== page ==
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Human cells are microscopic in size, yet their jobs are larger than life

Biological cells

(NaturalNews) The complexity of the human body is difficult to grasp, even for researchers who devote their entire lives to studying it. One of your body's most fascinating concepts is its intricately designed cellular structure, and the way in which cells communicate, function, die and regenerate. Click here for striking images of a cell's natural beauty.

In their book Decoding the Human Body-Field: The New Science of Information as Medicine, authors Peter H. Fraser and Harry Massey help readers begin to understand the importance of every day cellular processes. The following is an excerpt from their book:

"No one knows exactly how many cells make up the human body, but the numbers are beyond imagining. At birth, your body has about ten thousand trillion cells. However, because that number decreases radically as you develop, by the time you are an adult your body contains between 50 trillion and 100 trillion cells, which can be grouped into about two hundred different types. It's impossible to make sense of such huge numbers.

"To get a handle on it, imagine you have a metronome that makes an audible click with each swing of the arm. As the arm swings to the left, click. Back to the right, click. If you heard a click every second, it would take more than 31,546 years to tick off one trillion seconds. If you heard a click once a second for every cell in your body, using the conservative estimate of 50 trillion cells, you would be listening for more than 1.5 million years!"

30 trillion red blood cells circulate through the human body

"However, only about 10 percent of these cells make up the solid aspects of your body, such as your bones and tissues. Approximately 40 percent make up the nonsolid parts of you, such as your blood and lymphatic fluids. You have about 30 trillion red blood cells and 500 million white blood cells circulating through your body. Your lymph system is crowded as well, as it contains roughly one trillion lymphocytes and other immune cells.

"The other half of the cells in your body are bacterial cells, most of which are beneficial and inhabit your digestive system. To get a true count, you will need to decide if you want to include the cells of the 100 trillion microorganisms that call your eyeballs, mouth, nose, ears, skin, and other areas of your body home. Our bodies are actually vast ecosystems for these organisms, many of which we could not live without because they contribute to the vital functioning of our bodies.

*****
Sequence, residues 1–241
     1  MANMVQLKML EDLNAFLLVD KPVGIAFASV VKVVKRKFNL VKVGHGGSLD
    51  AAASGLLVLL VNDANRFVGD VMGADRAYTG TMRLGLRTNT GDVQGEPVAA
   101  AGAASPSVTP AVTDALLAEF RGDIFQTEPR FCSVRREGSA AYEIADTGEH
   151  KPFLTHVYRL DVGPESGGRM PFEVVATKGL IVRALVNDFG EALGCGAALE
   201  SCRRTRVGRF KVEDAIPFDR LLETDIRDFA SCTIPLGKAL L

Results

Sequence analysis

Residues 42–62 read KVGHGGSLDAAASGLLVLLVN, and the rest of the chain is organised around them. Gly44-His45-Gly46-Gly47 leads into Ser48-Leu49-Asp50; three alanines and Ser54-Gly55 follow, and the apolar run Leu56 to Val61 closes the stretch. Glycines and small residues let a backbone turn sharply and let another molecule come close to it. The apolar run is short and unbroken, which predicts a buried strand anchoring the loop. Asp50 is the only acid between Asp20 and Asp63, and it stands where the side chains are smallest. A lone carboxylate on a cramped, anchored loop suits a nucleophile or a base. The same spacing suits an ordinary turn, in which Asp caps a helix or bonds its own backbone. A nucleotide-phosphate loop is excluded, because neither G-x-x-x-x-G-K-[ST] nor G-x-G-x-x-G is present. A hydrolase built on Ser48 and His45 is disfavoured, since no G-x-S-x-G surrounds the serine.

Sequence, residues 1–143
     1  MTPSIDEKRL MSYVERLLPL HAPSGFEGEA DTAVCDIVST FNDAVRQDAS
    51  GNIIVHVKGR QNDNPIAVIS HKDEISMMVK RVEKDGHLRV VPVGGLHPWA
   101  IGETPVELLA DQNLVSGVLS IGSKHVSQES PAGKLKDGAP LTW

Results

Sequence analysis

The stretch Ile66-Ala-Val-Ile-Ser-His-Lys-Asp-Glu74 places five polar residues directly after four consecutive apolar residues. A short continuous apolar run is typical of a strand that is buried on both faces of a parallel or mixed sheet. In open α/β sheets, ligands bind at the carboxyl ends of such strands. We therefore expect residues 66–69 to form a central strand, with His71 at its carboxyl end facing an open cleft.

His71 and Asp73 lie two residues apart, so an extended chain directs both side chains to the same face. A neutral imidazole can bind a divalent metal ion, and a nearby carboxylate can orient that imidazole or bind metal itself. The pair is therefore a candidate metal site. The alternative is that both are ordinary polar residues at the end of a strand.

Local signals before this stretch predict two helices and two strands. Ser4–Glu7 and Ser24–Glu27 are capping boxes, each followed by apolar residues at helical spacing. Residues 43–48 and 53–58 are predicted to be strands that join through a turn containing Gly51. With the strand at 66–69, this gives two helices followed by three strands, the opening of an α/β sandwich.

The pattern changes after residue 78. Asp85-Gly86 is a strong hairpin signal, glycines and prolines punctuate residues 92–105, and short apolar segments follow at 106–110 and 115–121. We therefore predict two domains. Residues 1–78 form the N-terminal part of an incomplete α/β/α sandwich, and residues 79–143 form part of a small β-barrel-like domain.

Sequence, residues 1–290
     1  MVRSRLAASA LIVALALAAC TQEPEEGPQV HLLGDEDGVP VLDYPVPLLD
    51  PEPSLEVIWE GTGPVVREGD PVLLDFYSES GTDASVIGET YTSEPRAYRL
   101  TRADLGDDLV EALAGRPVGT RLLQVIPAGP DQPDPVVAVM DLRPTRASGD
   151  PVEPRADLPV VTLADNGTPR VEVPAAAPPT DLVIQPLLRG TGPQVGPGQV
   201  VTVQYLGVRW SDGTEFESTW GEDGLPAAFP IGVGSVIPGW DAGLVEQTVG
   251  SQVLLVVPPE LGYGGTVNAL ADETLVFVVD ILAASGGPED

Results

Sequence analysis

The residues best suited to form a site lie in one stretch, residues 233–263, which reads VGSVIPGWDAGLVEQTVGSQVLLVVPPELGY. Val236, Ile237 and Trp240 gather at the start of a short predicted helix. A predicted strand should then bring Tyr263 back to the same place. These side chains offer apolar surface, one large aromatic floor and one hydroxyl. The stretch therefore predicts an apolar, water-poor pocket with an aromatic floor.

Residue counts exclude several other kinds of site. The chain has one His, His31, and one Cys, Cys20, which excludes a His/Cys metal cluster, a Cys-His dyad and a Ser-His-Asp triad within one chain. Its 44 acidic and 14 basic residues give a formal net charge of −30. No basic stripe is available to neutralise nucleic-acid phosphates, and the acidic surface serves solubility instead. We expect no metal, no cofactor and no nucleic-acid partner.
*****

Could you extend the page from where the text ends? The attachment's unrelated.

"It only makes sense that with so many trillions of cells in our bodies, cells are indeed tiny things. How tiny? About twenty microns wide, on average. To appreciate just how small the average human cell is, imagine marking off one inch on a piece of paper. If you laid average-size cells side by side, you would be able to fit 1,270 into that inch."

Though tiny, cells contain dozens of microscopic structures

"If you are like most people, you can hardly conceive of anything so small. So it comes as a shock to think that a cell, which seems so incredibly tiny as to be almost nothing, is intricately structured and massively crowded. At the scale of chemistry, it is actually huge: it houses more than a dozen structures inside of itself and more on its surface, and it is host to uncountable numbers of molecules that zip in and out of it every second.

"Although cells are incredibly tiny, they are intricately constructed, containing dozens of smaller, functioning structures within them that coordinate thousands of processes. Every cell is the center of a whirlwind of activity, doing everything that is necessary to keep you alive.

"Every second millions of cells die. They have to be identified and then dismantled and swept from the body, even as new cells are being born to replace them. Take the red blood cells in your body. Every second almost three million red blood cells die, and every second new blood cells are made to replace them."

For more on the way information is coordinated throughout the human body, be sure to pick up a copy of Fraser and Massey's book today.




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